Peter King, one of the most prominent neerlandici of the post-war era, has died on 3 July. He was 95 years old. Born in Wimbledon in 1922, he served during the war as Royal Navy liaison officer on a Dutch submarine, where his lifelong interest in Dutch language, literature and culture was aroused.
After the war he studied Dutch with Theodoor Weevers at Bedford College, University of London, and in Groningen, where he met his wife.
After his MA Peter began teaching Dutch in Cambridge, with a full University Lectureship in 1959. In 1976 he was appointed to the Dutch Chair at the University of Hull where an Institute of Modern Dutch Studies had been established with financial support from the Leverhulme Trust and other donors. It was originally intended as a research institute, coordinating the various research activities into the Low Countries taking place around the university. However, in 1980 Peter launched a successful undergraduate BA in Modern Dutch Studies with, for that time, an innovative curriculum.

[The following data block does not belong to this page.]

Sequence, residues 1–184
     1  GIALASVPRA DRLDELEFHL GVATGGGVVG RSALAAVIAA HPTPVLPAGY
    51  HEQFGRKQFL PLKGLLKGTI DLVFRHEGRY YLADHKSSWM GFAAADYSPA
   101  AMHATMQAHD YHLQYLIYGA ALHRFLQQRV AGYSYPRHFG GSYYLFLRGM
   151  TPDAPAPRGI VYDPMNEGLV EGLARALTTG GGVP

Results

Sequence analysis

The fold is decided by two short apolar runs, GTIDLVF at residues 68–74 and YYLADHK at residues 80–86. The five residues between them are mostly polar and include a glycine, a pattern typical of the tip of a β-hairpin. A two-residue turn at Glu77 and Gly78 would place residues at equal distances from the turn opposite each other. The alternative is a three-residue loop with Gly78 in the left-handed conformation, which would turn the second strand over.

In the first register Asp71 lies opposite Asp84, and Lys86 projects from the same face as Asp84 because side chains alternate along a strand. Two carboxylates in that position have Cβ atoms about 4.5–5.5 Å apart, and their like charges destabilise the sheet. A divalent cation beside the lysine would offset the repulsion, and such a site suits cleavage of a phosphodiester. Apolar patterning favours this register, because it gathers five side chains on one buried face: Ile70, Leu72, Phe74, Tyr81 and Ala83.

As literary scholar Peter is well known for, among other things, his study of Dutch dawn poetry and of Multatuli, and for the first computer concordances of Vondel’s works. He was also one of the initiators of Levend Nederlands, an audio-visual language course that was widely used to teach Dutch well into the 1980s. In 1987 he retired.